Saturday, August 27, 2016

Trail Cameras Offer Information, So Long As They Are Used Wisely


Imagine a little kid at Christmas.
He rushes down the stairs, wide-eyed and crazy with anticipation. And why? He knows there's something under the tree for him. What exactly it might be is a mystery, but he expects it to be good.
That's what it's like with trail cameras.
Hunters — and general wildlife watchers — put them out and then can't wait to get a peak at what wanders by.
“It's pretty exciting to have a trail camera and see what's out there. Many people are interested in knowing what's on their property, what's walking through their neighborhood,” said Hal Korber, photo and video specialist for Pennsylvania Game Commission.
“It's pretty addictive.”
Getting good pictures — and from a hunting perspective, useful ones — requires thought, however.
“Here's the thing. When you get a camera, you have to determine what is your goal?” said Erich Long, owner of Drumming Log Wildlife Management, a wildlife consulting firm.
If it is to survey the deer on a property, now is the time.
C.J. Winand, a wildlife biologist and author in Maryland, runs his cameras in August, when deer families are together. Long prefers to do his mid-September.
Both agree it takes one camera for every 50 to 100 acres. It's critical to leave them there for a long time, too.
“Run your cameras for 10 days, you have a 70 to 90 percent accuracy rate on determining the total number of deer in your area. Bucks, does and fawns,” Winand said.
“Do it for two weeks and it's 90 to 95 percent.”
There is another reason why time is beneficial. Deer will change behavior if humans spend too much of it in an area, Long said. Checking trail cameras too frequently is a mistake hunters often make.
“Us being on a property, that creates stress for the deer. Create too much and you could really be negatively dictating a lot of those deer's movements,” he said. “The best thing is to get in and get out.”
Korber never moves a camera unless he's taking it out of the area permanently. Otherwise, he uses two SD cards. When he visits a camera, he takes one card out, replaces it with the other, then leaves.
“That leaves less scent and there's less disturbance,” he said.
As for where to place cameras, that is tricky in Pennsylvania.
Winand prefers to set up cameras over some type of granular bait. That concentrates deer, he said.
Feeding deer is illegal inside the confines of disease management areas here, though, and discouraged everywhere else, said Brian Singer, law enforcement supervisor in the Game Commission's southwest region office.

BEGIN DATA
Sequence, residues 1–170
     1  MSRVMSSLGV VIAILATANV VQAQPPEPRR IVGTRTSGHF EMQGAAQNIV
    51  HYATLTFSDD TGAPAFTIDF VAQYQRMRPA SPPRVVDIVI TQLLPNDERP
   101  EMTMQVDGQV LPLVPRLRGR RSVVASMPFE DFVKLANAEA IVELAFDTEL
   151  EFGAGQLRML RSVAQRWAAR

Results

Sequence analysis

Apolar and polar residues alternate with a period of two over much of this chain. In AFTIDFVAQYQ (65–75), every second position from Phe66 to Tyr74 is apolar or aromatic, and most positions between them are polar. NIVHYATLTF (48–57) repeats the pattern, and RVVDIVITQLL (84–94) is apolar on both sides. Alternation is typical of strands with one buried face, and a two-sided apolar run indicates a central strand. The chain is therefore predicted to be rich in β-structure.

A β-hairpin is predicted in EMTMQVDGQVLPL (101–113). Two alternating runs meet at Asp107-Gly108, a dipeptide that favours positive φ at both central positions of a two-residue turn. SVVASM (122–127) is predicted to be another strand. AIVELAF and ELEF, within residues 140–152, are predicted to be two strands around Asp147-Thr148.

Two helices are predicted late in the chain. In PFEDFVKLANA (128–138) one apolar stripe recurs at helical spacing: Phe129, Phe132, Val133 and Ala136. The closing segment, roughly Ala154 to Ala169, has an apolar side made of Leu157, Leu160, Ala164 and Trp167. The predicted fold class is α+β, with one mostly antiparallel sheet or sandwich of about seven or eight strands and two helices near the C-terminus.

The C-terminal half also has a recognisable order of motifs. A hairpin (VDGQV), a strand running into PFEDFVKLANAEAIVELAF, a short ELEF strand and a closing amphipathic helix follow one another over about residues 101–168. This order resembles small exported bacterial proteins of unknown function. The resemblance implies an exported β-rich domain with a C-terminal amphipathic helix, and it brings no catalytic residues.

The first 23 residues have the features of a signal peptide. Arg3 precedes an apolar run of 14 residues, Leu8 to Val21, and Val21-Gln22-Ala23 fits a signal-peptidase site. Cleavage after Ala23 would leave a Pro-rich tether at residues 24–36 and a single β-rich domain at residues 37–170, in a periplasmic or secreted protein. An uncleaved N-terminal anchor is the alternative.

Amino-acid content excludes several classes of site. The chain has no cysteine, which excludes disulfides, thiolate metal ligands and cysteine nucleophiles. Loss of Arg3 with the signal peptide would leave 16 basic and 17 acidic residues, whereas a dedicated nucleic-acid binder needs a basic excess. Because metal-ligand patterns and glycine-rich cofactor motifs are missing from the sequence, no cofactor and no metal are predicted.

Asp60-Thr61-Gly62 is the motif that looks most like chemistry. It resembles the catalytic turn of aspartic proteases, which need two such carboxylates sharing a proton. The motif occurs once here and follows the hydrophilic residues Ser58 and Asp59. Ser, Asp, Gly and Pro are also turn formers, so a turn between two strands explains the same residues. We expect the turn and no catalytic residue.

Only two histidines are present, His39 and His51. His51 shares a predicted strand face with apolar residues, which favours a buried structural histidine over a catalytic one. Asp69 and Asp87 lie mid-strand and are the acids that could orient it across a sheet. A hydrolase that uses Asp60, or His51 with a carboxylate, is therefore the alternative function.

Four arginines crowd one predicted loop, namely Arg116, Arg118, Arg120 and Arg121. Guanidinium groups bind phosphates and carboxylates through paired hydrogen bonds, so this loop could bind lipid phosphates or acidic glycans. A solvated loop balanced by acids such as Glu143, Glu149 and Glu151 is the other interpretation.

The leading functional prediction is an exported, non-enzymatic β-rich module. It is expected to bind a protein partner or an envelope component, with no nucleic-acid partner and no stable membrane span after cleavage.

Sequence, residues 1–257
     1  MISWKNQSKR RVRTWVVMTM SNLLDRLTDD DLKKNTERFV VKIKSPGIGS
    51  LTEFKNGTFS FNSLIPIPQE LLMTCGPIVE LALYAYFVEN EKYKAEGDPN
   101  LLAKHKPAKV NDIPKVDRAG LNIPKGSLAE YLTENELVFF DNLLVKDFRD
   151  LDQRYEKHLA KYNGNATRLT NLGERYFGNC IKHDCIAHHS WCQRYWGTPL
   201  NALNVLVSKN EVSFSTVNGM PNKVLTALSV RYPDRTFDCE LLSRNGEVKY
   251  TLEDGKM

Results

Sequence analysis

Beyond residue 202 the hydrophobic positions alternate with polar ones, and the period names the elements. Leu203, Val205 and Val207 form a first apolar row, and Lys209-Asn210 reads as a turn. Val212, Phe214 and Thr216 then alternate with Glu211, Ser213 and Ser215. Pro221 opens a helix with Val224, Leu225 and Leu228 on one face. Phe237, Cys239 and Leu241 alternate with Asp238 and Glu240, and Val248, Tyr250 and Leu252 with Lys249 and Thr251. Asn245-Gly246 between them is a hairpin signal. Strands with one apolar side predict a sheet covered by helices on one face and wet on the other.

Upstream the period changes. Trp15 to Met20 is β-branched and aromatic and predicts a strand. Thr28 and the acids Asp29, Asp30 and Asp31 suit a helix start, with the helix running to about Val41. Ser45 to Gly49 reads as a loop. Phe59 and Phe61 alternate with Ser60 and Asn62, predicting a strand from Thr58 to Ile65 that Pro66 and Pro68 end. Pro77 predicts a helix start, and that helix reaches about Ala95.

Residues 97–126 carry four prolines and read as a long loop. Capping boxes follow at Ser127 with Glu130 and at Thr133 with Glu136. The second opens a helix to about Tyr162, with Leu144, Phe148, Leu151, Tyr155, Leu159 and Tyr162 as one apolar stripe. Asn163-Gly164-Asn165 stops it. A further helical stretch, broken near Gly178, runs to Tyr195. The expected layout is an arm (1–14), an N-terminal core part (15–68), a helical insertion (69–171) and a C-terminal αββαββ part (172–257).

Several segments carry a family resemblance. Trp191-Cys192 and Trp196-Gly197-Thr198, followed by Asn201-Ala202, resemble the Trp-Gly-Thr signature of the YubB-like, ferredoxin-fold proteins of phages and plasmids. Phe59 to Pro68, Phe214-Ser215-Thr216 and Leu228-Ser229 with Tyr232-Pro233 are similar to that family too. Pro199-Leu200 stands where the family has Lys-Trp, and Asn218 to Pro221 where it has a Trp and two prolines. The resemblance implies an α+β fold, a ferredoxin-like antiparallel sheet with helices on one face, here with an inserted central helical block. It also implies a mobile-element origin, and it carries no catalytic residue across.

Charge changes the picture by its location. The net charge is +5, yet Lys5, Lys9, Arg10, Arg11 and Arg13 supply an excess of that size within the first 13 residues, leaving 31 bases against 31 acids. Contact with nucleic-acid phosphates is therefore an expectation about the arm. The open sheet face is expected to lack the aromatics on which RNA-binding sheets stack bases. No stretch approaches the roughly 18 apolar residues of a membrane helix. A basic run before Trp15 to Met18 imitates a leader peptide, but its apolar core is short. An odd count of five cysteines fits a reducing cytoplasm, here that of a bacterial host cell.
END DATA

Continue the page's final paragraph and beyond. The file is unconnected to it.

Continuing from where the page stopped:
Pennsylvania regulations further say a hunter who puts out bait for a trail-camera survey or another purpose has to remove it at least 30 days prior to the start of any hunting season. The earliest of those are fast approaching. Archery season opens Sept. 17 in wildlife management units 2B — which surrounds Pittsburgh — and 5C and 5D in the southeast, and statewide Oct. 1.
What qualifies as having “removed” bait is open to interpretation, too.
It's not as simple as just removing a salt block, for example, Singer said. Minerals can leach into the ground, with deer returning to eat that soil.
How much has to be dug up and taken away before hunting the spot?
“You don't really know. And that's part of the problem,” Singer said.
To avoid problems, Long said hunters should place trail cameras in areas where they might hang a tree stand.
“It's just like deer scouting. If you can find a place where there are two runs coming together, a creek crossing, any kind of high-traffic area, you set up your cameras there,” he said.
Water sources are another good site, Korber said. He also likes fence rows and other travel corridors.
Long offers more advice. Deer and other wildlife invariably will learn of a camera's presence.
“From my experience, they do see something. The animals know something is there and they're always investigating,” Korber said.
How they react varies. Long said some deer, on some properties, will ignore cameras. The results of a study he did said others react differently.
“Does, once they saw the camera, they would have a negative reaction. They would stop. They would walk away. They would never run, but they were very uneasy,” Long said.
“The bucks, it was like someone slapped them on the butt with a 2-by-4. They bugged out.”
Some, he said, never return.
The only way to know how deer in a particular location react is first set to a camera to video, he said. If that reveals a camera doesn't bother them, he leaves it as is. If it makes deer uneasy, he will set it up high and angled down to minimize responses.
Despite obstacles, though, there is a lot of good to be gained from using cameras, Long said.
“They're just one of the greatest management tools we have at our fingertips. They help out with stand locations. They help in figuring out who's on the property, buck-wise,” Long said.
“They can do so much anymore. They're good to use, so long as you use them wisely.”
Bob Frye is a Tribune-Review staff writer. Reach him at or via

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